For stopping, you need to be assertive. Not aggressive, that when a horse will back up, hop up, or spin around to get away. Again, make sure you have whip in hand, and pointed to the bum to try and prevent any turning. I ask, Waaallkkkk and take a step forwards towards the horse, but infront of where the horse is going.. you get what I mean? That way, if the horse doesn't, I can position myself infront of the horse, not directly, that would be silly lol, but enough to block the path. This is another good reason to have the lunge whip as they're less likely to barge past you.
Duffy had some REAL bad manners, would do her own thing, and when I asked her to do my things, she'd go up, flash pretty hooves at me, spin, and gallop off as fast as possible in the other direction! Long lunge whip against her butt twice sorted that out.
If she doesn't listen the first time, I give the lunge line a good ol tug, which is why using a headcollar is good for green horses, I've never used a cavesson before so can't comment on them :)
    11-08-2011, 09:26 AM
Great advice :) thank you so much! I get exactly what you mean :)

I like te cavesson because it doesnt move around or slip at all and is padded nicely. The rings on the top of the noseband make changing legs easier as it swivels.

I must say, when she started to work and I felt that power on the end of the line and saw how beautifully she moved it was an incredible feeling :) I will get someone to take some photos next time.

Perhaps I can introduce the whip as we go along. I need to get her fit, start working her slowly in jumping and eventually I aim to get her to her first training show :) I feel very positive about her future :)
    11-08-2011, 09:29 AM
No problems, glad I could help!

I might try one out :O

It is amazing to watch how much power they really have.. especially when they have a buck and a fart!! You think to yourself.. you dare do that under saddle and you're sausages!!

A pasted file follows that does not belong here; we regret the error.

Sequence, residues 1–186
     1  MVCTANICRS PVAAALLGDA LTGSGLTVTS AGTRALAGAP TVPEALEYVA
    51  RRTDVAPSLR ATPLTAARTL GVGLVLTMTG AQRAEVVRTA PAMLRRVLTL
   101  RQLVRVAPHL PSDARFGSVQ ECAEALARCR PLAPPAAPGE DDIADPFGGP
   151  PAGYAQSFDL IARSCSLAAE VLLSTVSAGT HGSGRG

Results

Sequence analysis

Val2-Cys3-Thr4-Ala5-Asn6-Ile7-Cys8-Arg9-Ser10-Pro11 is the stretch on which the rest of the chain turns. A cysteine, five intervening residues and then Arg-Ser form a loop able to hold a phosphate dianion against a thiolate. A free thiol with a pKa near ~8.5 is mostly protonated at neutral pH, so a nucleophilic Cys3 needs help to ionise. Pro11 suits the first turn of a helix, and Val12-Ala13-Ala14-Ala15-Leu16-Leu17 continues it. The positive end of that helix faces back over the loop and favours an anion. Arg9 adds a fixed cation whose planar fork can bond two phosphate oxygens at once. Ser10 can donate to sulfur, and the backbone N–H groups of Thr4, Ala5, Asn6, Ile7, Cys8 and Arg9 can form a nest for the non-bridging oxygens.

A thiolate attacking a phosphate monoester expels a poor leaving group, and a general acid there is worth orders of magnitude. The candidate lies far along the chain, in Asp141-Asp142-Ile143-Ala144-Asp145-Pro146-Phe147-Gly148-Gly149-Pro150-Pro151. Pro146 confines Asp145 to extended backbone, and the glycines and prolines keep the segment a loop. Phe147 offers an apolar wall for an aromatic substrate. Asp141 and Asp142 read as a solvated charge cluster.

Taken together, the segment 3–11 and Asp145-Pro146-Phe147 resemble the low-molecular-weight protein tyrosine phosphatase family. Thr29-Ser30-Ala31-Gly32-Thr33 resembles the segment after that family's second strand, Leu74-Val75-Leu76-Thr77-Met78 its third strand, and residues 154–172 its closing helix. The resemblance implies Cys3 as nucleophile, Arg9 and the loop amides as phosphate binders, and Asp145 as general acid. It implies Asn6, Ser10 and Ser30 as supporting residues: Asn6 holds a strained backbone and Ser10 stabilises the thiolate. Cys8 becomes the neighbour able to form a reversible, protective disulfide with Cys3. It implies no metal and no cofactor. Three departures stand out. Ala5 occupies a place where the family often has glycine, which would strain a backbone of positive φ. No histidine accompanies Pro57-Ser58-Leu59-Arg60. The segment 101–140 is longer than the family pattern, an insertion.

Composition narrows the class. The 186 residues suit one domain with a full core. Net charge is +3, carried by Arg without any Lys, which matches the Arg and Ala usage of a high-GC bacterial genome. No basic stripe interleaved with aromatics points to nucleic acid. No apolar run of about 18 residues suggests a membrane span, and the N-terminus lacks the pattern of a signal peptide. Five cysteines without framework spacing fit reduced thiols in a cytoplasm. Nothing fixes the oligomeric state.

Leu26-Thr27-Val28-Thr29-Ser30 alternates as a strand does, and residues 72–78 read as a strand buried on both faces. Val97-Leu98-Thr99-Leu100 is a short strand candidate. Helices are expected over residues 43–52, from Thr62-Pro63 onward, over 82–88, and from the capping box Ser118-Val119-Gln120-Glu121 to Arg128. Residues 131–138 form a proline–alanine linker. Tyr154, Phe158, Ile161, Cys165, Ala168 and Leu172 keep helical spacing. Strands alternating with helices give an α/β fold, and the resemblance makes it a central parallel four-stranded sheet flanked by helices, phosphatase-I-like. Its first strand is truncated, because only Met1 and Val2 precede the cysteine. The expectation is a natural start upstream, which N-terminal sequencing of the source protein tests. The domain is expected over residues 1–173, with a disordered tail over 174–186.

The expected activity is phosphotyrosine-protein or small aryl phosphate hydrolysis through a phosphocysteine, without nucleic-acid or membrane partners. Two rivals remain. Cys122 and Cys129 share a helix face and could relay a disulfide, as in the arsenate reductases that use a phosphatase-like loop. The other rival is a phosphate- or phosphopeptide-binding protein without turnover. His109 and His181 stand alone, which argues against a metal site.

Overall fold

Lunging is great to build their fitness up, and means you don't have to ride if you're having a lazy day xD x
    11-08-2011, 09:54 AM
That is EXACTLY why I put her on the lunge before getting on! Ha ha!

The cavesson is great in my opinion. It has a brow band as well so it fits well.
    11-08-2011, 10:55 AM
Well done :) Yeah lunging on the lungeline is a form of art :P haha

But with the stopping thing, she won't have a clue what you mean until you teach it to her.
So even when you hand walk her to the barn or you're bringing her in from the fields, practice the stop! Say whoah or ho or whichever one you use when you are about to stop and make sure she does. Then when you go back to lunging and you're just asking for a walk, she'll have a better idea of what stop means.

And I'm not sure how well she knows the other words like trot, canter, reverse (turn and go the other direction... probably not a good idea on a lungeline), over. But start teaching those transitions every chance you get. Like if she's tied up, push on her side where your leg would go and say "over" or "move" and then when you go back to lunging.. the dots will start connecting in her horsey mind :)

Then you can start teaching her if you stop all motion, she stops. If you point to her ribcage she moves over, if your steps get wider she gets faster, etc.
    11-11-2011, 08:55 AM
That is really helpful advice - sometime I overlook the simple things like teaching commands when we arent training. She is a fast learner, but totally green so she knows nothing! And she can be a real tank at times and bowl me over when she decides to do her own thing so perhaps these commands will help her on the lunge and in hand generally.

Thank you for all the advice! I will be training tomorrow and sunday so I will update how it went!
DuffyDuck likes this.
    11-11-2011, 10:14 AM
Yeah we forget that they don't speak English nor understand that any of the stuff we use on them actually is :P

But yeah I've been training my greenie so I know quite a lot about ground handling.. so if you need any pointers, I'm willing to offer what I know and you can decide what to do with it :)
DuffyDuck likes this.